If the biopsy confirms that the bony defect has been caused by metastatic disease, the orthopedist must then decide if the defect fits the criteria for an impending fracture. The definition of an impending fracture is the presence of a bony defect that is likely to result in a pathologic fracture with physiologic loading (eg, activities of daily living). In this case, the orthopedist should determine the probability of fracture by examining plain radiographic findings and by conducting an interview with the patient.

Quantitating the risk of fracture on the basis of plain radiography alone is highly subjective. The broad guidelines in the literature are based on small numbers of patients and therefore are of limited value; using them can result in errors of judgment more than 50% of the time.

According to a report by Hipp et al, useful criteria are as follows[18] :

  • Defect geometry affecting load-bearing capacity
  • Histologic cell causing the defect - Blastic, lytic, or mixed
  • Anatomic site - Femoral neck vs greater trochanter

For instance, according to the study, the factor of risk for fracture of a normal proximal femur is approximately 0.4. The thinnest part of a cortical wall is the critical factor for predicting loss of strength. Central lesions with a 50% symmetrical loss of bone produce a 60% loss of bending strength. In patients who have eccentric bone loss, a 50% bone mass reduction results in a 90% reduction of bending strength. Therefore, a lesion located in areas that increase the risk factors to the bone must be considered.

Length of a bony lesion has been reported as critical only in torsional loads. The load-bearing capacity of bone apparently depends on the following:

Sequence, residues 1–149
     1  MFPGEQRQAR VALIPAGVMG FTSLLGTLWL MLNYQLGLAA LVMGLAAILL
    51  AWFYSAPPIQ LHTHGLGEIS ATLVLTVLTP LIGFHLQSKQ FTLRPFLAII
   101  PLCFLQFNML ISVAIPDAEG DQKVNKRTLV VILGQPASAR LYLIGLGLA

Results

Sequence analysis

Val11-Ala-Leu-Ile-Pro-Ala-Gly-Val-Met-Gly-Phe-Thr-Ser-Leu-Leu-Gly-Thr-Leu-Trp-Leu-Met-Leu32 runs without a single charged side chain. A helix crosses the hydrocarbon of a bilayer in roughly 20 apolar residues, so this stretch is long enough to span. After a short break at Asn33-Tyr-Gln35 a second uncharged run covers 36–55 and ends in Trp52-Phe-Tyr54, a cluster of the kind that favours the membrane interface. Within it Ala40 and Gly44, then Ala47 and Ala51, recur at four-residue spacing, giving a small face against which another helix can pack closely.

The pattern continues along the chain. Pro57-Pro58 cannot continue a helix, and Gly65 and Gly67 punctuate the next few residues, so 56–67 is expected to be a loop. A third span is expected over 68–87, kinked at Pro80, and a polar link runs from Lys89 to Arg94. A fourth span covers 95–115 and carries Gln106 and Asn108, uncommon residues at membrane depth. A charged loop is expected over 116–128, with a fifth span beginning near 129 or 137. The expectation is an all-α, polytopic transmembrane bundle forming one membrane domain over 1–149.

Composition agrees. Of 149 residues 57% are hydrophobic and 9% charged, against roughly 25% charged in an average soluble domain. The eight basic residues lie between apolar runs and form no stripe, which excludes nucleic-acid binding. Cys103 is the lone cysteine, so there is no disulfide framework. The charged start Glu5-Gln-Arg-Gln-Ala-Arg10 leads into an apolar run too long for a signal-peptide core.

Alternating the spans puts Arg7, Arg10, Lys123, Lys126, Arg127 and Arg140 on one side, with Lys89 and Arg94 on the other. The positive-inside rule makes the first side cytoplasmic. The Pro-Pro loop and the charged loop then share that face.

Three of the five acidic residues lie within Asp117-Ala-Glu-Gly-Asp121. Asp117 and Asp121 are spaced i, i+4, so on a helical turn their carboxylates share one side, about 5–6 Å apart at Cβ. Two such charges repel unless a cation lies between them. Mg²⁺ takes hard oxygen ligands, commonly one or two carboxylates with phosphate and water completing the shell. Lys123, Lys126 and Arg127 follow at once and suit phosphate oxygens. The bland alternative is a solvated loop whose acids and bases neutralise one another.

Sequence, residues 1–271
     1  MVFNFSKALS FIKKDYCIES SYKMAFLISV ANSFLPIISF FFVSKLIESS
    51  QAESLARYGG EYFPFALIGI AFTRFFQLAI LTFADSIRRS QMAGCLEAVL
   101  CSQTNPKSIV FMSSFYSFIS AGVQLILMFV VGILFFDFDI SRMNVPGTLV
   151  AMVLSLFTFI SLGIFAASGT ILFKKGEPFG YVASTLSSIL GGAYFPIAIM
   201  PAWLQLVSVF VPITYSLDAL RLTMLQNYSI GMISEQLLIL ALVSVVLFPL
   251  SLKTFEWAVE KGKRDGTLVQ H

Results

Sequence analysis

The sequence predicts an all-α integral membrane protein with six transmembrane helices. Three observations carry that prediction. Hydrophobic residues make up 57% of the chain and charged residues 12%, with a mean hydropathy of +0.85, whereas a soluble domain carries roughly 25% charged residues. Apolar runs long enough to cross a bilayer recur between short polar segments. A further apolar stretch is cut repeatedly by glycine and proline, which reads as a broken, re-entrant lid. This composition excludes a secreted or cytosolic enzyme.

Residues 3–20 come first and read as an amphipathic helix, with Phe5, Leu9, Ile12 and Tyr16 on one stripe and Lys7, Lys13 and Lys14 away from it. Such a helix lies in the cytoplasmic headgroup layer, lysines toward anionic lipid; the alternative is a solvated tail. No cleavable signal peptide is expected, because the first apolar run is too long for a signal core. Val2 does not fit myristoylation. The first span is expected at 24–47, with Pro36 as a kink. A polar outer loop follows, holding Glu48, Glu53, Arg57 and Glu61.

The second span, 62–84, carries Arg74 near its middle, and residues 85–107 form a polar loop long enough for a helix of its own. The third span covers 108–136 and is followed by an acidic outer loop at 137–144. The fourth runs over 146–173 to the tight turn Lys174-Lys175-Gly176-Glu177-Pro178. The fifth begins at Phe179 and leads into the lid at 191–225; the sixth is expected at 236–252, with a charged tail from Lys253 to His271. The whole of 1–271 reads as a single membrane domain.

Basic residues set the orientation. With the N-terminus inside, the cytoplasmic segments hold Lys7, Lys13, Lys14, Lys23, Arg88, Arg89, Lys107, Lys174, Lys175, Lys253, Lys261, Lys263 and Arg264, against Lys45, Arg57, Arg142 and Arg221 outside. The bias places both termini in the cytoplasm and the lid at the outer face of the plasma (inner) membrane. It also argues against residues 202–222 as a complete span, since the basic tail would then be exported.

• Location of the defect with respect to the applied load
  • Type of applied load
  • Amount of bone loss
  • Condition of the remaining bone

The anatomic location of a bony lesion also is important. As the literature has shown, a drill hole that has been placed inappropriately in the lateral femoral shaft (at or below the level of the lesser trochanter) for fixation of a nonneoplastic femoral neck fracture results in a high risk of bone fracture with weight bearing through the lateral femoral cortical drill hold defect. Therefore, a similarly sized metastatic lesion in this area can be expected to create a similarly high fracture risk.

Laboratory Studies

Laboratory tests that can be used in the diagnosis of metastatic bone disease include the following:

  • Serum alkaline phosphatase - Indirect reflection of bone destruction because it is a reflection of osteoblastic response; may not be elevated in purely lytic tumors, such as plasma cell myelomas; nonspecific because it can also be elevated in Paget disease, benign insufficiency fractures, endocrine disease, and others
  • Serum protein electrophoresis (SPEP)
  • Urinalysis, urine protein electrophoresis (UPEP)
  • N-telopeptide (NTx) of type II collagen - Marker of bone resorption, but not widely used

Radiography

Radiography can be used for the basic assessment of the extent of a tumor and the degree of cortical erosion. It can also be used for a skeletal survey in patients with multiple myeloma. (See the images below.)

Lateral view of the femur of a 70-year-old man wit Lateral view of the femur of a 70-year-old man with metastatic prostate carcinoma, the most common cause of osteoblastic metastases in men.
Radiograph of a patient with severe rest- and acti Radiograph of a patient with severe rest- and activity-related pain at the time of presentation.
Pathologic fracture. Radiograph shows a displaced Pathologic fracture. Radiograph shows a displaced fracture through an osteolytic lesion in the distal femur of a 53-year-old woman with lung carcinoma.
Radiograph shows osteolytic metastasis in the dist Radiograph shows osteolytic metastasis in the distal femur of a 51-year-old woman with breast carcinoma.